Dessen, Sarah. What Happened to Goodbye.

NY: Viking, 2011.

Dessen is a first-rate author whose novels are directed at young adults but which should be of interest to anyone who enjoys a good story and thoughtful writing, regardless of age. The protagonist of this one is seventeen-year-old McLean Elizabeth Sweet, who was named after her basketball-fanatic father’s favorite college coach. But then the coach retired and his younger replacement ran off with McLean’s mother, which kind of soured both of them on the sport.



Dessen Sarah. The Truth About Forever.

NY: Penguin, 2004.

I’ve become a fan of Dessen’s books, which are marketed as “young adult” but the themes of which are of interest to all readers. While there’s always a romantic element, it’s never cut-and-dried and absolutely never clichéd. Certain themes recur, too: The sibling who is either much more perfect than the narrator, providing a role model it’s impossible to live up to, or else a complete disaster, which reflects on the sibling and makes her life more difficult.


Friedman, Aimee & Christine Norrie. Breaking Up.

NY: Scholastic, 2007.

This is a graphic novel about high school kids, undoubtedly aimed at high school kids, which is fine. But it doesn’t quite work. The focus is on four third-year girls at an arts magnet, each one of whom is (naturally) completely different from the other three. One is essentially a slut and the dominant personality, one is the shy hugger-peacemaker, one is being driven crazy by straitlaced parents, and the fourth, the narrator, is interested in a guy no one else approves of.


Published in: on 5 August 2017 at 7:24 am  Leave a Comment  
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Tamaki, Mariko & Jillian. This One Summer.

NY: First Second, 2014.

The Tamaki sisters, one writing the story and the other doing the art, made a splash a few years ago with Skim, about a rather geeky and overweight teenager in a private school. I really liked the true-to-life writing, though I had some reservations about the slightly strange artwork. This one again follows a young girl through a very ordinary piece of growing up, though it seems much more complicated to her.


Dessen, Sarah. The Moon and More.

NY: Viking, 2013.

Dessen has won a number of awards for her novels and frequently appears on “Best of the Year” lists — but always as a “Young Adult” author. That’s a form of ghettoization I try to avoid. I consider her simply a first-rate author of highly enjoyable fiction, period. Her eleventh book is about 18-year-old Emaline, plowing through her last summer at home, working in the family’s three-generation beach-rental business before heading off to a nearby state university. A perfectionist, highly organized (she was the only 5th Grader with her own filing cabinet), and a naturally helpful sort, she’s very well liked in the little coastal town of Colby (which feels like North Carolina), and she knows absolutely everyone.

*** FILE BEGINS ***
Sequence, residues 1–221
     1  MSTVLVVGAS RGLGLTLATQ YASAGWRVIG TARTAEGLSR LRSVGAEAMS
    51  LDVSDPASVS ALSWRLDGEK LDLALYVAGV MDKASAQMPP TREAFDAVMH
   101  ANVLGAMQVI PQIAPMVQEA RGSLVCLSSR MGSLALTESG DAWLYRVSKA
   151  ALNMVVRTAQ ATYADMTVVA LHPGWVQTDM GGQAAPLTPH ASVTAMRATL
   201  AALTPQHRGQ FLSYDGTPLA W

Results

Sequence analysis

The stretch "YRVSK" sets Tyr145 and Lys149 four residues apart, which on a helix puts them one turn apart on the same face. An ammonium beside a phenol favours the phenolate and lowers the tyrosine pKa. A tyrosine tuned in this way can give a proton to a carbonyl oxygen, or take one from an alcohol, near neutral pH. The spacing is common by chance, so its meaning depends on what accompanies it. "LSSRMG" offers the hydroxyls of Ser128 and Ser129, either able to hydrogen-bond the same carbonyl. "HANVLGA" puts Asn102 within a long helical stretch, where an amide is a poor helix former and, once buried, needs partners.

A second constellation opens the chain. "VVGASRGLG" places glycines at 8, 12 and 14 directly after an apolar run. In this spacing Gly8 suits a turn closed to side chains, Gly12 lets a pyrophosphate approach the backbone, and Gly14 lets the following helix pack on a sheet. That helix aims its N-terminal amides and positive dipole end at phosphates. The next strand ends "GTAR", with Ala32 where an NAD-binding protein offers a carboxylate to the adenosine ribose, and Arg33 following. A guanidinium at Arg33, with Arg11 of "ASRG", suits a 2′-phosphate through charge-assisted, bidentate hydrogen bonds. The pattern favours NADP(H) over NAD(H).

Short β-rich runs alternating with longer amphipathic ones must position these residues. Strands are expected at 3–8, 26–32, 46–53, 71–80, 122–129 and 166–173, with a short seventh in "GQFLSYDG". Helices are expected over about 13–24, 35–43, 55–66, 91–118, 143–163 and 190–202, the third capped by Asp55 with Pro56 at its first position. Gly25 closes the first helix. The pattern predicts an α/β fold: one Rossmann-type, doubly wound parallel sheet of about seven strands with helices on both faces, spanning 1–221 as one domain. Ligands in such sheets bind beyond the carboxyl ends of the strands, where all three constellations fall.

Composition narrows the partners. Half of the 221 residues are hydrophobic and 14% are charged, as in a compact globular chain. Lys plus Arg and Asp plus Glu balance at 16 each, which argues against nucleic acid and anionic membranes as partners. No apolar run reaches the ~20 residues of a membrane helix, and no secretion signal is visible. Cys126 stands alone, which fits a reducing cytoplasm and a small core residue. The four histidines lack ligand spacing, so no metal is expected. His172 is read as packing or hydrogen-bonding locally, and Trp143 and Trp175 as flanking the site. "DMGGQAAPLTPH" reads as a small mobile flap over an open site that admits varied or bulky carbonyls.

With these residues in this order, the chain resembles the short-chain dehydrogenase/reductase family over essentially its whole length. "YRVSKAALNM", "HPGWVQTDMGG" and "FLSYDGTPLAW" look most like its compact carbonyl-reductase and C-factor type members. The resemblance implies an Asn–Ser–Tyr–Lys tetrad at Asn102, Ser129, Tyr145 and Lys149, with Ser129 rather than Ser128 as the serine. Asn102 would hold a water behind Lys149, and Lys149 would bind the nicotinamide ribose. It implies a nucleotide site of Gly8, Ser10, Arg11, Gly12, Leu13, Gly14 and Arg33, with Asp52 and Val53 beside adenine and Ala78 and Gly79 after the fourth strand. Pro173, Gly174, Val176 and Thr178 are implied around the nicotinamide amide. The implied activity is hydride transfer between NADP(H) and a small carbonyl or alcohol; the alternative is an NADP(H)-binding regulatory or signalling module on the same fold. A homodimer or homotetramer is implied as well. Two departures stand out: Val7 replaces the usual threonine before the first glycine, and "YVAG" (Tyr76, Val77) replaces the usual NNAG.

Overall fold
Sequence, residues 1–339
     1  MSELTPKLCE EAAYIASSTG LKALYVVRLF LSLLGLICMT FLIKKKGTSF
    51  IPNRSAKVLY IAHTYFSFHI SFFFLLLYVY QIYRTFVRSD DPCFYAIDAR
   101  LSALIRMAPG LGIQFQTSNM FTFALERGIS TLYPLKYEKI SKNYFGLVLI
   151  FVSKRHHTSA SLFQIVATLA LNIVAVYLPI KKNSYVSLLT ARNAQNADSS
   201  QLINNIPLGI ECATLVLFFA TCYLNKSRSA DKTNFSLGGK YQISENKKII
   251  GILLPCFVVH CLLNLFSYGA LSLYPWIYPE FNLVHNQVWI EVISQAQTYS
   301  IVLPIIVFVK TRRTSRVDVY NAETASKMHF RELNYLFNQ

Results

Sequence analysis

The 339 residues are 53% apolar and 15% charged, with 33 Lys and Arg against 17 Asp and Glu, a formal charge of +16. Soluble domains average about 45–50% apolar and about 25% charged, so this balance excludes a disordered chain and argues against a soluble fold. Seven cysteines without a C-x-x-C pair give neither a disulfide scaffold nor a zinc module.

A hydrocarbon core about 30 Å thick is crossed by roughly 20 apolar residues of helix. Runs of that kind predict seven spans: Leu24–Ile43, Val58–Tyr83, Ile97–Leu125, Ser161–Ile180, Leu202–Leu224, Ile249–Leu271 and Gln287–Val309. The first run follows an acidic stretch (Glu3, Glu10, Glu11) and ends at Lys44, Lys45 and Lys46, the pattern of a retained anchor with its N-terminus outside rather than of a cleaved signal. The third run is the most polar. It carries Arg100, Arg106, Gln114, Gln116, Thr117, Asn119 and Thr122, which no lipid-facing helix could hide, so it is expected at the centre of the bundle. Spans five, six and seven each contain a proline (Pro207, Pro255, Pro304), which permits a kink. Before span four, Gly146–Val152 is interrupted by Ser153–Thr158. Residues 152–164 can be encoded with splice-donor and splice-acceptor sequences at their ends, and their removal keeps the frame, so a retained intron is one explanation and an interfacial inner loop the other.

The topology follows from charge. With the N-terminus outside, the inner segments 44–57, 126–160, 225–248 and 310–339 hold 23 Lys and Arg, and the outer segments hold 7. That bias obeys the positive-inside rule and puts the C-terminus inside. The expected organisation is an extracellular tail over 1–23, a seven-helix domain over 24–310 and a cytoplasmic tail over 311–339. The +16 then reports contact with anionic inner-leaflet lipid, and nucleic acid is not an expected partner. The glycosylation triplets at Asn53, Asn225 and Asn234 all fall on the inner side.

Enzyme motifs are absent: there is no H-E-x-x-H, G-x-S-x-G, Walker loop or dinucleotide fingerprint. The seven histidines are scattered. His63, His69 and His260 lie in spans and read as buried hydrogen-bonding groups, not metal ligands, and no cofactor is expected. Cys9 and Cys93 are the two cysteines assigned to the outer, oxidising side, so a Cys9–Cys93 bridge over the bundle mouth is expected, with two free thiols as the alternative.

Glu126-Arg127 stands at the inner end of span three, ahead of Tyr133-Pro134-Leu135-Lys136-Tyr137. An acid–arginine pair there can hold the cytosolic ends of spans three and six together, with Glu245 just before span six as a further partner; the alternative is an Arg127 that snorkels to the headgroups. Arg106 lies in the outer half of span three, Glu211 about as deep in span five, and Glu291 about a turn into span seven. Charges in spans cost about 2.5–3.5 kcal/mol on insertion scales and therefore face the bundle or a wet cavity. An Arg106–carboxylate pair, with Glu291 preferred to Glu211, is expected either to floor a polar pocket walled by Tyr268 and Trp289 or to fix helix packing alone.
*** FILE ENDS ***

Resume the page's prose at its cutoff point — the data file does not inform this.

Griffith, Nicola. Stay.

NY: Random House, 2002.

This is the second novel about Aud Torvingen, six-foot-tall Atlanta ex-cop, private investigator, self-defense and martial arts expert, new multimillionaire by inheritance, Lesbian, and experienced killer (“violence is a tool like any other”), whom we first met in The Blue Place. And it’s a doozie.


Published in: on 22 August 2016 at 4:16 am  Leave a Comment  
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Mina, Denise. The End of the Wasp Season.

NY: Little, Brown, 2011.

Mina has a knack for taking a novel, supposedly a single story, and reworking it as a cluster of related and converging stories, each with its own principal characters, its own interrelationships, its own plotline. The POV person in one will be a supporting player in one or more of the others.


Tamaki, Mariko & Jillian. Skim.

Toronto: House of Anansi Press, 2008.

It’s been my experience with graphic novels that, usually, either the art is really good but the writing is a bit lame, or vice versa. There are exceptions (like Neil Gaiman’s work), but not many.


Tartt, Donna. The Goldfinch.

NY: Little, Brown, 2013.

I’m a very heavy reader. I get through 120-150 books per year, and have for several decades. So when I say this is one of the absolute best books I’ve read in several years, that means something. Usually, when I begin a really fat book (and this one is 775 pages), I know that, however good it is, the sheer size will become wearing and I’ll have to take a break from it halfway through and read something else for awhile. But that never happened with this one.


Mendelson, Cheryl. Morningside Heights.

NY: Random House, 2003.

Remember those big, fat multi-generational family sagas that were popular early in the 20th century? This marvelous novel reminds me in some ways of them — except that it’s only about 300 pages long. On the other hand, the narrative is so dense on the page and the writing is so rich, it feels like three times that length — and I mean that in a good way.


Published in: on 23 November 2012 at 6:31 am  Leave a Comment  
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